Ren is a legendary figure in China’s business world and moves in the highest government circles. The self-made
billionaire is the son of schoolteachers and grew up in a mountainous town in China’s poorest province, Guizhou.

Huawei founder and CEO Ren Zhengfei survived a famine, but can he weather President Trump?

 

A survivor of China’s great famine between 1958 and 1961, Ren graduated from the Chongqing Institute of Civil
Engineering and Architecture. He worked in the civil engineering industry until 1974 when he joined the PLA as an engineer – a connection that still provokes questions in the West about Huawei’s ties to the Chinese army and government.

 

SC to regulate digital assets


Good move: Lim says many people have bypassed Malaysia because the policy was not clear about digital assets

Move seen to spur growth in digital currency sector

Regulatory oversight of digital currencies and tokens, which kicks in from today, offers timely clarity and transparency to various players in the fledgling industry.

Omni Capital Partners Sdn Bhd managing director Scott Lim said everything would be above board with the regulation and governance under the Securities Commission (SC).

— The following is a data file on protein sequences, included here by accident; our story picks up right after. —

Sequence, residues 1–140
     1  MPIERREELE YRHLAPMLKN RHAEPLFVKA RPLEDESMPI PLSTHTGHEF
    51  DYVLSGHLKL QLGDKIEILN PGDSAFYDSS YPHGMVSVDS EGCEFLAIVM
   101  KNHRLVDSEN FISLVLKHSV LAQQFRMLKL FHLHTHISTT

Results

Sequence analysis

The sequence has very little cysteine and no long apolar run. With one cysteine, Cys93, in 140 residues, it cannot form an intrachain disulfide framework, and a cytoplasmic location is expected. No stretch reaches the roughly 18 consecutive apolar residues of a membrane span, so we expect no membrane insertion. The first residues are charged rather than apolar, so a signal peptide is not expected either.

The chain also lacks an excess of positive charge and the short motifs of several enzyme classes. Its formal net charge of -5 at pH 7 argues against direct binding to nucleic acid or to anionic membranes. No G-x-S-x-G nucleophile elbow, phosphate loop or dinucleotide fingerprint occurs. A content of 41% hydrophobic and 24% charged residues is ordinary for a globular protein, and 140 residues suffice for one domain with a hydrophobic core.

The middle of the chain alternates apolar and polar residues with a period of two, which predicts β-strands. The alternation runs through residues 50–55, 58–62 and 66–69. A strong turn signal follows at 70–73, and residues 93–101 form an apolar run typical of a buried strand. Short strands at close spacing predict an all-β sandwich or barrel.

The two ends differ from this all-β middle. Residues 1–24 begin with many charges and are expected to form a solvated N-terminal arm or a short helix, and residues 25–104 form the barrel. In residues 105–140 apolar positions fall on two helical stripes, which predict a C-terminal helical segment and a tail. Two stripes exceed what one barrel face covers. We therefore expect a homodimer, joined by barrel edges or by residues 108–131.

“Digital assets in Malaysia have been underwhelmed mostly. A lot of people have been bypassing Malaysia because the policy was not clear about it.

“Certainly, now that this is regulated by the SC, it’ll be good. We shall wait for the guidelines,” he said.

Celebrus Advisory co-founder Edmund Yong said the regulation is very much welcomed and one which is needed, as it would spur growth in the industry.

Celebrus is a compliance-first blockchain consultancy firm.

He added that the statement by the Finance Ministry was very accommodative with the intention to use tokens and the recognition of it as a fund-raising tool.

“In fact, it can be an indirect source of foreign direct investment, a borderless method to raise funds.

“But from now until March 31, there will be a twilight period. Many activities will be stopped in their tracks because they don’t know where they stand.

“Some would possibly even move offshore because of the draconian RM10mil and 10-year imprisonment punishment,” said Yong.

He said digital tokens could also be for points in computer games or reward points, and it too would be quite draconian if it is all painted with the same brush.

The Capital Markets and Services (Prescription of Securities) (Digital Currency and Digital Token) Order 2019 kicks in today and any person operating unauthorised initial coin offerings (ICOs) or digital asset exchanges faces up to a 10-year jail term and up to a RM10mil fine.

Digital currencies and digital tokens are collectively known as digital assets, which will now be prescribed as securities.

The SC is putting in place relevant regulatory requirements for the issuance of ICOs and the trading of digital assets at digital asset exchanges in the country.

This is expected to be launched by the end of the first quarter this year.